My first attempt to start up an interview with Kieron Gillen and Jamie McKelvie, the creative team behind the music-worship comic Phonogram, was interrupted by a scheduled performance from a Japanese Taiko Drumming band occurring within blistering earshot. We reconvened later, at a pub nearby, overlooking the cosplay vapour trail as the thousands of cosplayers and expo-attendees traipsed home.
Phonogram is definitely one of the more interesting comics of the moment. It brings together a metaphoric concoction of (mostly, but not solely ‘indie’) music, fantasy and youth culture to make startlingly well-observed and insightful commentary on music and those who listen to it. Taking concepts, applications and effects related to music, Phonogram manages to communicate a lot of the verve and energy of that subculture, in a way that trumps a vast amount of the journalistic, critical, writerly approaches to the topic. Chalk it up to the team’s great balancing of style and content – of Gillen’s sharp, character-led scripts, and McKelvie’s consistently staggering artwork, that give small details (a pursed lip, a mid-dance freeze frame) great importance.
The success of the series has led to the two of them working on many other comic projects. McKelvie has released one series of his own book, Suburban Glamour, about teenagers in small-town Worcestershire. Gillen, known to many as a noted video games journalist, is now penning (plentiful) projects for Marvel, including an upcoming run on Thor, and a recently-published limited series Beta Ray Bill: Godhunter. He is also working on an only-announced-on-Saturday story for Avatar Press, The Heat.
We chat about their experience at the MCM Expo, as well as Phonogram, Suburban Glamour, and what it is like working for the larger publishers, on properties that have been developing and gestating for generations. Gillen also fills us in on The Heat, a project that has been teased as involving ‘cops on Mercury’.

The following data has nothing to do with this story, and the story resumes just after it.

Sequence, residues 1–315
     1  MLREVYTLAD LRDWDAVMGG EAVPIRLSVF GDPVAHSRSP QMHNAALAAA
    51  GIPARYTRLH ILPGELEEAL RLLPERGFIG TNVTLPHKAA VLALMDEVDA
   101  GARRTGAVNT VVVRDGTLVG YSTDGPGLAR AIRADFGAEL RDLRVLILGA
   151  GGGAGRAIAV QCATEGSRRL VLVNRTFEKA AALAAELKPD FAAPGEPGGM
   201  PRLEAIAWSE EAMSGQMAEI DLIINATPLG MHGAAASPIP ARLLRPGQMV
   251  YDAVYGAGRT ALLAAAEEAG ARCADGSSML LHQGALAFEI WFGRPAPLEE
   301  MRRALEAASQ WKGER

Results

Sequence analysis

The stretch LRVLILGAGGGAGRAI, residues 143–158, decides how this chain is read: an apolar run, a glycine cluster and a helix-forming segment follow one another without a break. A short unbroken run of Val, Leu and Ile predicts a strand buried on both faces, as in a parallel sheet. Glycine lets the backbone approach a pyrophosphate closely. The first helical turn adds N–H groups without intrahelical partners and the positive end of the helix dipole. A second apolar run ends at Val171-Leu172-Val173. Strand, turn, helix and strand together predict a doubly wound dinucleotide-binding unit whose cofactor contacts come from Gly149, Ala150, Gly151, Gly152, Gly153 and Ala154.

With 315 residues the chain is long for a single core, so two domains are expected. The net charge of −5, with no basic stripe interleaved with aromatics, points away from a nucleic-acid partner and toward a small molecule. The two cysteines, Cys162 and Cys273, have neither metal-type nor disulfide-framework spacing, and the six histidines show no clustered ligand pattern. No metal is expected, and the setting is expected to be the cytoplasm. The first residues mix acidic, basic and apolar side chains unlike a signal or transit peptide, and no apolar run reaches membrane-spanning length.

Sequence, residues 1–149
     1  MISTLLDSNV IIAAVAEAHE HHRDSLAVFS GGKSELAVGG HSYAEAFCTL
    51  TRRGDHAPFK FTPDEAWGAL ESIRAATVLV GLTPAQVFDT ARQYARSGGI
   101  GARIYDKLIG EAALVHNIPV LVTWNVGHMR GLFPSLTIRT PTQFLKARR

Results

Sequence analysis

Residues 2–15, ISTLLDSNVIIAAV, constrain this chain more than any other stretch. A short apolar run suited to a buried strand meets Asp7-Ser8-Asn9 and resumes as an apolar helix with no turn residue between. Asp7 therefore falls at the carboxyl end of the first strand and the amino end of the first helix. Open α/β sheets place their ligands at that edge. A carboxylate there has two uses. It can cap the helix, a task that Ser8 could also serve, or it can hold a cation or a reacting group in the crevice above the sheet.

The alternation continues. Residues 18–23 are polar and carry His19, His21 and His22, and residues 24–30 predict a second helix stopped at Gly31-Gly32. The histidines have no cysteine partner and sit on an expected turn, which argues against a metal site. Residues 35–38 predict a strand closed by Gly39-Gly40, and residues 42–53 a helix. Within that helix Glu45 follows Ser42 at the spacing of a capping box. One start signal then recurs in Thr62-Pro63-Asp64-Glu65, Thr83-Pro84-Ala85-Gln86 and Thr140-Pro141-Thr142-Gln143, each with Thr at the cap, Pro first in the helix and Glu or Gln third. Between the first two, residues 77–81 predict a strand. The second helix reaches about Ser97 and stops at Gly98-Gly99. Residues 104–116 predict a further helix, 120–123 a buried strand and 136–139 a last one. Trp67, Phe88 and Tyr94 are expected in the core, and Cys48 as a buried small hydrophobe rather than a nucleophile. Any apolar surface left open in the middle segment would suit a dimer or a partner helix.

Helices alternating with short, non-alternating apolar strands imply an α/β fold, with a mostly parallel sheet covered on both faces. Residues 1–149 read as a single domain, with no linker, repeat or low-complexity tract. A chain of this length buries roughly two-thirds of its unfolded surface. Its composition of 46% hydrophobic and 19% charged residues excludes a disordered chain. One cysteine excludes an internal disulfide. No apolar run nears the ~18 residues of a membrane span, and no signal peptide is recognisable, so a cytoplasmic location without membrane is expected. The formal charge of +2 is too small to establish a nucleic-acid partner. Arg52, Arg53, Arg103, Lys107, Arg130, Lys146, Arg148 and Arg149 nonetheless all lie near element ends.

First of all, I wanted to ask what you were selling today, on your stall… JM: We were selling Phonogram and Suburban Glamour trades, the first series of each. All four issues of The Singles Club, the current Phonogram series. The Phonogram print, which is a limited edition print I did last month. Original artwork, t-shirts, I think that’s it… KG: That is it, actually. That is the complete what-is-for-sale list.
JM: The complete list. KG: Of Phonogram merchandise available at that fine comic stall.
So we’re onto the second series of Phonogram, and we’re four issues into that, with the fifth coming out very soon, so you’ve probably been asked this question plenty of times, but – what is Phonogram about?
JM: It’s about seven issues long.
KG: It’s about due to be done in July next year. It’s about music, it’s about magic, it’s about the idea that music is magic. And when I say that, I don’t mean like Harry Potter, Dungeons & Dragons, fireball, oh-no-you’ve-killed-my-wizard. What I actually mean is a metaphor for the human subjective experience of music: what music does to people, what music means to people.
The example I always use is from the second issue of Phonogram, in the second series. And the basic story is the guy walks into a club; all of a sudden a record plays, and he’s confronted with an apparition of an ex-girlfriend who forces him to relive a really painful memory, and there’s nothing he can do to stop it. He’s effectively been cursed by the record. Of course, as anyone hearing that will know, that’s talking about the moment when we’ve all heard a record, and it’s dropped our legs away – especially if we’ve just broken up. Especially with records that have nothing to do with anything – like ‘The Hokey-Cokey’ or something, that reminds you of a time at a wedding party where you had a big argument. And you end up being upset at ‘The Hokey Cokey’! That’s what I mean. We use magic as a metaphor to write these fantasy stories about how humans use music, and we’ve created two series about it so far. So if that’s winding up soon, what have you both got coming out in the near future?
JM: I’m doing the second series of Suburban Glamour, which I’m looking forward to doing. I’m going back home to do some more research quite soon.
For someone who hasn’t come across Suburban Glamour before, could you explain it a little?
JM: I could give it a go. It’s basically a modern, urban fantasy. Kind of a cross between Labyrinth and Skins, basically.
That’s a great description!
KG: It took a while to end up with!
JM: Yeah, it took a while, because of the teenagers bit. It’s modern, real teenagers, it’s not necessarily candy-coated or anything. And I find a lot of teenage fiction doesn’t deal with teenagers as they actually are.
KG: Teenagers aren’t rated PG.
JM: Completely. So it’s that kind of approach to it, to the modern fantasy genre. So I guess that the first series was an origin story in a way for the main character, Astrid. And then there are more series, which will delve into different things. And that’s that. A slightly shorter description than Phonogram, but that’s the way. KG: Yeah…